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Make sure no folder on your system is world writable.  Make permissions very restrictive.  You can use SELinux to make policies so that no one can make any file/folder world readable/writable
Hi there, farzanj

Thanks very much for the time you're taking with this - much appreciated. I have no idea how to do any of the things you're talking about above so it would be great if you could elaborate on them for me?

Firstly, re the checksums. The list of files I put up above are the only files which appear to have the "5" instead of the "." at position 3, so I'm assuming for the moment (or hoping! <g>) that the LS and other commands have not been compromised.

I've now stopped the SSHD service completely on this server, in the hope it'll stop whoever is coming in from uploading the files again.

I run VSFTPD for the FTP server but I have set all users to be chrooted in their own folders, or at least I'm pretty sure I've done that correctly.

How would I start by redirecting all access to root other than through SUDO? I've never heard of SUDO so in words of one syllable if you would? ;) That would be a good start I guess.

As an aside, I've installed rkhunter and rootcheck and run them both. There are a few warnings but mostly in the scripts area. I've read somewhere that the scripts are a false alarm but once again I'm doing all this from an experience standpoint. I'll go off and do some research!

Thanks again
You are using vsftp server.  It is insecure and password and all communication travels over the network unencrypted.  So any packet sniffing software (tcpdump, ethereal, snort, wireshark, etc.) may be used to see user ID's and passwords.  So, you have given hackers a spot on your computer.  Now you are testing their expertise how they would get out of chroot jail.

SSHD is secure and ideally should have been used.  Well, you know your priorities.  So I cannot judge that.  But most security guys would agree that SSH should be used instead of VSFTPD

Sudo is a utility  to execute privileged commands by an ordinary users.  To configure it do, visudo as root.  The file has sample configurations.  You can allow any user to use sudo with or without password.

Suppose user1 wants to be root user.  He would issue the following command
sudo su -

This would enable him to become a root user.  So root user will have no password, and ftp or sshd would be configured to restrict any root logins.  So any unknown user, say, chris, would login and after logging in would become root, eliminating the need to use root password.
Some RPM verification Background:


Hi farzanj

OK - I have implemented the SUDO option on the server and it appears to be working OK. I can reboot the server and login using my personal account but cannot login as root. If I want to execute any root commands I have to type SUDO first, then my personal account password, then the command. Thanks for that.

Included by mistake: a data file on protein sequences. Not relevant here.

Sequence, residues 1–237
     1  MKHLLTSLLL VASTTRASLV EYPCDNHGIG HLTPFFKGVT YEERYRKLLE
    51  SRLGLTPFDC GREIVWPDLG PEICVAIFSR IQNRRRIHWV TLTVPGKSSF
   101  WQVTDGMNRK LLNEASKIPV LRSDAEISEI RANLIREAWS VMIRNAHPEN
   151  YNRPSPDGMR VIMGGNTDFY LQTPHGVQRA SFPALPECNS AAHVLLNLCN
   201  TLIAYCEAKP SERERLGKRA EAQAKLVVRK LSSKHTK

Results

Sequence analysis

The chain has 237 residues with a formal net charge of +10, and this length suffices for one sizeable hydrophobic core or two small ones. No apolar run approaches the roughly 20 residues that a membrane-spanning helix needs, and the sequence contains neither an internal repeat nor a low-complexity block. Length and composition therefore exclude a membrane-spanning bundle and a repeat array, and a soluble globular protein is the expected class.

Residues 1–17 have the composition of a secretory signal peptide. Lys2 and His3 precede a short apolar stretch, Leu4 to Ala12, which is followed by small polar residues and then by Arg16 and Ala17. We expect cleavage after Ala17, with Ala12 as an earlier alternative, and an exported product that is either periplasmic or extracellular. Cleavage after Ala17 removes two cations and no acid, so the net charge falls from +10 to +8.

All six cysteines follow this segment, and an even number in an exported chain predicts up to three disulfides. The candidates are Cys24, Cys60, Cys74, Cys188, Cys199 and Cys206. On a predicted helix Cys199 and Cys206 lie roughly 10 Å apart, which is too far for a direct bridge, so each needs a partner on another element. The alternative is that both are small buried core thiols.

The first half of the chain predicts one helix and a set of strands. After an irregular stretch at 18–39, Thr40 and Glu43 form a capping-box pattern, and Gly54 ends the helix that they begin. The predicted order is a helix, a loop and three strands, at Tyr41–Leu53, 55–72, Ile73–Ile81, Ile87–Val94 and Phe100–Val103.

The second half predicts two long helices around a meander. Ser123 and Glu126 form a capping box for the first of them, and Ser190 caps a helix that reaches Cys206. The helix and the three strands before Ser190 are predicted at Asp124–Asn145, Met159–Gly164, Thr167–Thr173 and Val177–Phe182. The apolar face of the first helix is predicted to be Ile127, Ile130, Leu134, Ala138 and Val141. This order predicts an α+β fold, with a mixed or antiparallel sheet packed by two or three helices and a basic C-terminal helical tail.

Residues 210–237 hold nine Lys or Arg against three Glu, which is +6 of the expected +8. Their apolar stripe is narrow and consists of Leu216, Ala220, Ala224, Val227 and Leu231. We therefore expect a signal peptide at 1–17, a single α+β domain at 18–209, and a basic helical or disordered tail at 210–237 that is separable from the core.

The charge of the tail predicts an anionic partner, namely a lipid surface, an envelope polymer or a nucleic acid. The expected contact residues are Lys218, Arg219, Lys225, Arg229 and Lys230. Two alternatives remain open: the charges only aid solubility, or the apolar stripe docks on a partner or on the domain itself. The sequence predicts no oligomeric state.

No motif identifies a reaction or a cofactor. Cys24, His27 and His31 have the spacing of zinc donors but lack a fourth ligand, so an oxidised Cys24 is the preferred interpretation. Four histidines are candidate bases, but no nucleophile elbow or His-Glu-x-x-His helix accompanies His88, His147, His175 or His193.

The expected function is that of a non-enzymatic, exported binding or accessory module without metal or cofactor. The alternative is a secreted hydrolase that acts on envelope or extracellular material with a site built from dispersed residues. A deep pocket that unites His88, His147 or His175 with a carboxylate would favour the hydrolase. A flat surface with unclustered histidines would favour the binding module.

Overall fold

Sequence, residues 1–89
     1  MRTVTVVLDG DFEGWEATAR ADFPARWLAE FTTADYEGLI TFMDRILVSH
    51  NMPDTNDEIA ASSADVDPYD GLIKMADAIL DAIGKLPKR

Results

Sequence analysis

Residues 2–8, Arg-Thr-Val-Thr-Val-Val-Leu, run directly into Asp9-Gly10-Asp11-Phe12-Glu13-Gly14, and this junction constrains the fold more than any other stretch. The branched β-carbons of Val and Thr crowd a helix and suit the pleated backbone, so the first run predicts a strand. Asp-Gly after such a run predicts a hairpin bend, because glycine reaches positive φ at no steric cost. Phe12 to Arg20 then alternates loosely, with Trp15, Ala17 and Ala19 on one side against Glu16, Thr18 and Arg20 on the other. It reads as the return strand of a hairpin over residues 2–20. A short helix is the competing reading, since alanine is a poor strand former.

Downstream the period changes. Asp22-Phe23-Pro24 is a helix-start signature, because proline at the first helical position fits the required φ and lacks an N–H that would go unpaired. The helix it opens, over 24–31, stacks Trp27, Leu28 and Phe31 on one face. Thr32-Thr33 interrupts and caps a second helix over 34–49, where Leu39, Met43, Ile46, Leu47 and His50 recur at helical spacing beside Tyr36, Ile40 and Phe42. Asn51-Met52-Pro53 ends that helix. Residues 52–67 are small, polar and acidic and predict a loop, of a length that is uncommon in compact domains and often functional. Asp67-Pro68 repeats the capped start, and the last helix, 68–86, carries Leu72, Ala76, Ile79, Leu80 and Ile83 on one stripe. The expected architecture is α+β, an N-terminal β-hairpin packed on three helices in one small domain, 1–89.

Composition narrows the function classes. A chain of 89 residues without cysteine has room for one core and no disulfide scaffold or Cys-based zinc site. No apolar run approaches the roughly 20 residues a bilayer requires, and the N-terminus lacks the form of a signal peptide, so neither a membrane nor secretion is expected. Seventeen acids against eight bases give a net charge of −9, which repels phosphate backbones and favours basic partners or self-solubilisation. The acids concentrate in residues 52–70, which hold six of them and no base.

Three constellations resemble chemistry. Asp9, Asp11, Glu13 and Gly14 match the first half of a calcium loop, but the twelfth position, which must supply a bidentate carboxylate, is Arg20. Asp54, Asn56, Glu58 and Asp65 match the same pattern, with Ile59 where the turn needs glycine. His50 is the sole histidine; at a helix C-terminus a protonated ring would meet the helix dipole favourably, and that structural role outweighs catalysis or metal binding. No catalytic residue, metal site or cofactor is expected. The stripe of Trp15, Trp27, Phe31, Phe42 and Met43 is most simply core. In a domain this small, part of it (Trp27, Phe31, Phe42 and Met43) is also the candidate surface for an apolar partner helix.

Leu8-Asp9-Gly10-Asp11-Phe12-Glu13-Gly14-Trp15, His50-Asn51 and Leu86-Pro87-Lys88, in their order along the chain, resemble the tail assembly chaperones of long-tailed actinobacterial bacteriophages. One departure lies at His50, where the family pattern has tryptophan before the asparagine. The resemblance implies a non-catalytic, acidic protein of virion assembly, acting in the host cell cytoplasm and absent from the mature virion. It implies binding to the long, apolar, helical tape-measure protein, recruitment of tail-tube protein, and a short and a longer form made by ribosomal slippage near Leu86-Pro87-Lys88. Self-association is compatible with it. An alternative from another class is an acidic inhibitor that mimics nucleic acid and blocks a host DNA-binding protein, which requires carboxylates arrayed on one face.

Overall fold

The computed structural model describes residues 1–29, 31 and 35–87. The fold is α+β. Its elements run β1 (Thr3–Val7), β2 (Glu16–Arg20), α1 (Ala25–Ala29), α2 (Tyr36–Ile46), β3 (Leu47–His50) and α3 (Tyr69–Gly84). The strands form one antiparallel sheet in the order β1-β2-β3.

Next my question revolves around VSFTPD. I realise that it is not secure but how do I get all those web designers whose sites are being hosted on this server upload their files without using an FTP package? Can you upload using SSH?

At this point, because I'm scared that whoever has been coming in was using SSH, I've stopped the service on that server for now. I'm the only one who needs it (other than for the FTP uploading of files) so I guess it's not missed right now.

If you could elaborate on how folks would use SSH to upload their files, that would be super.

Thanks again - I'm feeling much less worried about this server now that it's starting to look as though it's going to he "harder" than it was before.

Hi Chris,

For sudo you don't need to reboot the server.  For most Linux operations, there should be no need for reboot.  Try login from your user and if you are happy and satisfied, you should remove the root password from /etc/shadow file.  Instead of password hash, put "!!"

If you are inviting files from unknown users, you have to use ftp so that everyone uses anonymous ftp and uploads files.  If you know the users, who they are and you created a custom account for each one, then why not have them upload files through ssh or https or whatever secure service.

See, telnet and ftp is a pair, getting console and transferring files.  Likewise ssh and scp/sftp makes a pair.  Similarly, you can still put them into chroot jail.  Here is one link to start looking
When you successfully implement/test it, tell your users to start uploading files using sftp/scp.

One more thing.  Use simple iptables rules to block the ports of your server that you don't use.  You will have to be careful though.  But unmonitored open ports may be exploted.

Thanks very much for the ongoing help with this one. I'll research the wrappers and close as many ports as possible in an effort to harden further.

I don't know how to use SELinux but will begin research on that and who knows....?

You are most welcome!  Very few people know SELinux but it is extremely beneficial.  Makes system extremely hard to break.
I think I spoke too soon about being concerned... I've just been back on the server and the /tmp/aloha directory is back! I'm gutted - I thought the SUDO thing would have stopped that, but obviously this person is getting in via some other method and transferring the files back to the server anytime he wants to.

Is ftp still running?
Did you block other unimportant ports?
There may be a script running on your service that is doing it to drive you nuts.
Is there any cron job that is doing that?

cat /var/spool/cron/*

cat /var/spool/cron*/*/*
Whichever works.

Don't get frustrated.  Security needs a lot of patience.
You can certainly open a new more specific question after your research
Hi farzanj

Should I open another question for this ongoing problem? Seems a little unfair to continue here now that this one's closed?

I've just stopped the vsftpd service and a look through the running processes doesn't look as though there are any other ftp services running at this time.

I'll do the port examination thing now and see what I can block or close.

I'll ask a related question and begin with this post. Please would you look out for it?

Thanks for your help.
It would be better to open a question for each area where you need help.  That way you would find more many responses.
Done! Thanks, farzanj